Healing the wounds of racism

“We labor for a day that we may never see, and always in the face of opposition.”
October 3, 2019
photo of Jemar Tisby
Acorn studio

Jemar Tisby is the founder of The Witness: A Black Christian Collective, the host of the Pass the Mic podcast, and the author of The Color of Compromise: The Truth about the American Church’s Complicity in Racism. I caught up with him on the campus of the University of Mississippi, where he is completing his Ph.D. in history. A statue honoring James Meredith, whose enrollment in 1962 unleashed violent riots, depicts Meredith walking alone in the grass. Meanwhile, a tall statue of a Confederate soldier stands on guard at the entrance of campus. Those grounds felt like an appropriate place for a conversation about the tension of the already and the not yet when it comes to healing the wounds of racism.

You’ve been working for many years to name and dismantle racism. What led you to write The Color of Compromise?

I wrote this book because I love the church and I hate racism. The Color of Compromise names what many Christians have long felt, that there is something deeply wrong in the church when it comes to race. It aims to give people the tools to speak beyond personal frustration or discomfort, to point to a larger narrative.

As a graduate student, I’ve been outraged by my study of racism in America: example after example, century after century, both in the church and beyond. I’ve read about the lynching of Mary Turner, who was pregnant when she was killed for speaking out about her husband’s murder. I’ve learned about the pressure people put on Martin Luther King Jr. (and his wife and children) because he was speaking out about the beloved community. Getting into the nitty-gritty details of history has given me a new sense of my responsibility to learn about and fight racism.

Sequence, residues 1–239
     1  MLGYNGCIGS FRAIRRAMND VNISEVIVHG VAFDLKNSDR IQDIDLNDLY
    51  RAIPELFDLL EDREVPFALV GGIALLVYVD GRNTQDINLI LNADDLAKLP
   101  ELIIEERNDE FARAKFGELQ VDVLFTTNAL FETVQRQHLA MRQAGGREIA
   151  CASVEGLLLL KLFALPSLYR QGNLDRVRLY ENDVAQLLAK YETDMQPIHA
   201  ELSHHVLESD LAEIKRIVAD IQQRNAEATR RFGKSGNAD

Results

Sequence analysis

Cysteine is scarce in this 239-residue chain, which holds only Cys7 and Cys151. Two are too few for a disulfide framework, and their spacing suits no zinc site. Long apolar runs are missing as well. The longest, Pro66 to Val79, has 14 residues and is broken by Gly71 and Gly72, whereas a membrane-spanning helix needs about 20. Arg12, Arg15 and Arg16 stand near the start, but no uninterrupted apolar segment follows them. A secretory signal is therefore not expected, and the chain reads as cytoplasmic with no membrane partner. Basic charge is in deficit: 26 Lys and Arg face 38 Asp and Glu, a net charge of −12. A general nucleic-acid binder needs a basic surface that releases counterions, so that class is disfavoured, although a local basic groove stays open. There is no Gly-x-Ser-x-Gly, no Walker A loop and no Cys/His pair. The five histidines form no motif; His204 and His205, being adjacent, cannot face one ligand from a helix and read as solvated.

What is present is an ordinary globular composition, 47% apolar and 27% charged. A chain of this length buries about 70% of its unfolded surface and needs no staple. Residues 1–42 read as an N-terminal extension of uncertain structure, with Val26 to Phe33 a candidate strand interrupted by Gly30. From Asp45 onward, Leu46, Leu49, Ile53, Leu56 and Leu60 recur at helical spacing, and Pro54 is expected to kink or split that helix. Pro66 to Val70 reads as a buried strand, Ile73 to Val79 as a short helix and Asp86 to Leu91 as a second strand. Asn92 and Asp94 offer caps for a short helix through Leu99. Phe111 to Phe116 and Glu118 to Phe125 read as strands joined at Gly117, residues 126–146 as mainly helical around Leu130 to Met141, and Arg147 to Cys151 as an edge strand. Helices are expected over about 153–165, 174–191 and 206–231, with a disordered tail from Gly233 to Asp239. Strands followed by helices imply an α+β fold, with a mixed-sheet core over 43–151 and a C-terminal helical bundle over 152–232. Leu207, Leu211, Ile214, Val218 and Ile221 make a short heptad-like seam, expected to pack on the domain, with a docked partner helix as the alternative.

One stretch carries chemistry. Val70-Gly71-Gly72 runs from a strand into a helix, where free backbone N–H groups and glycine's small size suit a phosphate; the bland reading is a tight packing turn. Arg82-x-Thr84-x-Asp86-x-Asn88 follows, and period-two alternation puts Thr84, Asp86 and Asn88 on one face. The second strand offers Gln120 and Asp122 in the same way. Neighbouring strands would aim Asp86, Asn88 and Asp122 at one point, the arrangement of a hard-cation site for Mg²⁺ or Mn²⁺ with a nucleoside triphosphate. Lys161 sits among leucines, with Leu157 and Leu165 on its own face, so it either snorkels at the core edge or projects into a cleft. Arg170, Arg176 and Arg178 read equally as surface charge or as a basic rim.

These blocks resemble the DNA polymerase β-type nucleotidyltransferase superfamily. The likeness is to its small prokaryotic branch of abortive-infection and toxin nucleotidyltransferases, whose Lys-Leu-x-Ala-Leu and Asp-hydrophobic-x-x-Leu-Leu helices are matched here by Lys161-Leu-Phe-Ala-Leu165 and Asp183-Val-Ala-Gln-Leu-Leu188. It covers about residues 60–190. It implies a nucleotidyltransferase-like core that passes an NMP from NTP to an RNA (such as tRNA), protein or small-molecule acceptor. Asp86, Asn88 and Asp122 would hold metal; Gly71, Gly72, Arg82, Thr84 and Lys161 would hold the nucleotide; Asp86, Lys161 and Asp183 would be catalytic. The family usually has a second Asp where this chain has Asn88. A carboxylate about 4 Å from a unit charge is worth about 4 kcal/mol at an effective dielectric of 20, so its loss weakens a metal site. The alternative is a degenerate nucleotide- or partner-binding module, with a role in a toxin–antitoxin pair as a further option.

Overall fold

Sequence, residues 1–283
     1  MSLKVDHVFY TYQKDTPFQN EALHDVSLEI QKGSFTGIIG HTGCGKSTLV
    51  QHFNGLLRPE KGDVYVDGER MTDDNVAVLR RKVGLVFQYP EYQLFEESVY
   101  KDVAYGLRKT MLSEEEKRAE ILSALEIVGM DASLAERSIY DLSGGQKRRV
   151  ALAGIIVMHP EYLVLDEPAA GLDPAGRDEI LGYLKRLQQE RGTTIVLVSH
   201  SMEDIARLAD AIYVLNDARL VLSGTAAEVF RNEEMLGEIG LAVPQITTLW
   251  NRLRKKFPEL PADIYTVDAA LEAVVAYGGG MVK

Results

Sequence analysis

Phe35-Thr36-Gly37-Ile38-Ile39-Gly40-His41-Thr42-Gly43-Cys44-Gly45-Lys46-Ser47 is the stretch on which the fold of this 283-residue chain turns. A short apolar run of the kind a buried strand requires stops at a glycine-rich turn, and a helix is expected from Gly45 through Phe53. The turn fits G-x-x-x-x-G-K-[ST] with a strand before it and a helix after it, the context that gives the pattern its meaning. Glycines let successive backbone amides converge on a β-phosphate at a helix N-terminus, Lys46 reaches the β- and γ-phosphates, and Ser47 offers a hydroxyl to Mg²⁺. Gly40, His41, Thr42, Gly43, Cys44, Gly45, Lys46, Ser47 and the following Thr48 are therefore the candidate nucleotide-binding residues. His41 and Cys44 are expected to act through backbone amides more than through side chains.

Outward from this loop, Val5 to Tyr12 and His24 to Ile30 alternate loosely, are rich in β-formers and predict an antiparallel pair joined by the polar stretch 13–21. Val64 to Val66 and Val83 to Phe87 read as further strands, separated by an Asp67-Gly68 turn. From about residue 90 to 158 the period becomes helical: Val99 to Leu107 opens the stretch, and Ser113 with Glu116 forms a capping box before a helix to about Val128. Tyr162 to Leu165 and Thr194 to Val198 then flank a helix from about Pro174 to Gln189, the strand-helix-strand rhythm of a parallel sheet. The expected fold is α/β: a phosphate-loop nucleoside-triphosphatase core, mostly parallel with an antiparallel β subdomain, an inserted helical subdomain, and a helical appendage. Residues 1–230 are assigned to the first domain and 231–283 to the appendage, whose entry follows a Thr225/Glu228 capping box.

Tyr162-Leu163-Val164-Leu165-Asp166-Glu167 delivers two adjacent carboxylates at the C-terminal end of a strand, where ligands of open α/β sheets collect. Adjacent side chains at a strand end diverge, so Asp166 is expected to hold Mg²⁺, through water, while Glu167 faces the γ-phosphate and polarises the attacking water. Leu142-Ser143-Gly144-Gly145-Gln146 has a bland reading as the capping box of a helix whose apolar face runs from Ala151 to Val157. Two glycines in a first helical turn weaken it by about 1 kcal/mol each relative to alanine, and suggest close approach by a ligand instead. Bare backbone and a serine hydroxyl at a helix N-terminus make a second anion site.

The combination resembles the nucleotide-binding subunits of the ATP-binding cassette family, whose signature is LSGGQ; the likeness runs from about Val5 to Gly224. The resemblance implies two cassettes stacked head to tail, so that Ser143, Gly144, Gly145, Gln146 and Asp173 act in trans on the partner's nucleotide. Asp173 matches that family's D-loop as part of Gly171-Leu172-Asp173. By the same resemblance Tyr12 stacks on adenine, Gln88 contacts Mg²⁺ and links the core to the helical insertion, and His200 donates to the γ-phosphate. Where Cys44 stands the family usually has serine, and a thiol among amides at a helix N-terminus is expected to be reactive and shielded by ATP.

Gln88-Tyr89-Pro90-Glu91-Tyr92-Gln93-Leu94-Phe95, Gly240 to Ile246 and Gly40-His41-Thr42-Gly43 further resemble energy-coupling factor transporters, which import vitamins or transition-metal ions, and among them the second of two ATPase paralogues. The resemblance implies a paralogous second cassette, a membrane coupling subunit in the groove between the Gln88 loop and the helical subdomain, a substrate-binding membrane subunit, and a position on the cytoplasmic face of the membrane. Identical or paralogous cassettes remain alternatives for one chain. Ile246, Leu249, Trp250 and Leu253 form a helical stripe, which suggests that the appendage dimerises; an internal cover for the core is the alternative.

A lot of books address racism in the church, but most of them aren’t focused on historical data. I use history in this book as a vehicle to convey how drastically the church needs to change. At the same time, change only happens when people first reckon with history. If we commit ourselves to truth-telling, perhaps a faithful remnant will commit ourselves to repair.

You’ve talked about feeling less at home in the church as your awareness grew. Can you say more about that sense of dis-belonging? How are you finding spiritual community in the midst of that?

I became a Christian and was formed in white evangelical churches. From 2014 to 2016, I became more conscious of the white supremacy embedded in some of these traditions. Like many of people of color who grew up in these environments, I’ve needed to decolonize my faith and my theology. This has been an ongoing process.

Campbell Robertson wrote an article for the New York Times called “A Quiet Exodus,” which is about black people leaving white evangelical churches in response to the 2016 election. I later wrote “A Wilderness Wandering,” which describes the in-between space that occurs for many of us after that exodus.

I find spiritual community in The Witness, a multi-ethnic virtual community of people who feel like the place we thought was home is not home. We’re searching for the promised land knowing full well that we won’t get to it in this life. I’ve also found community in the Pass the Mic tour, text messages, and group chats. The people I pray with, laugh with, and cry with are spread all across the country. We’re using technology to make a diasporic community.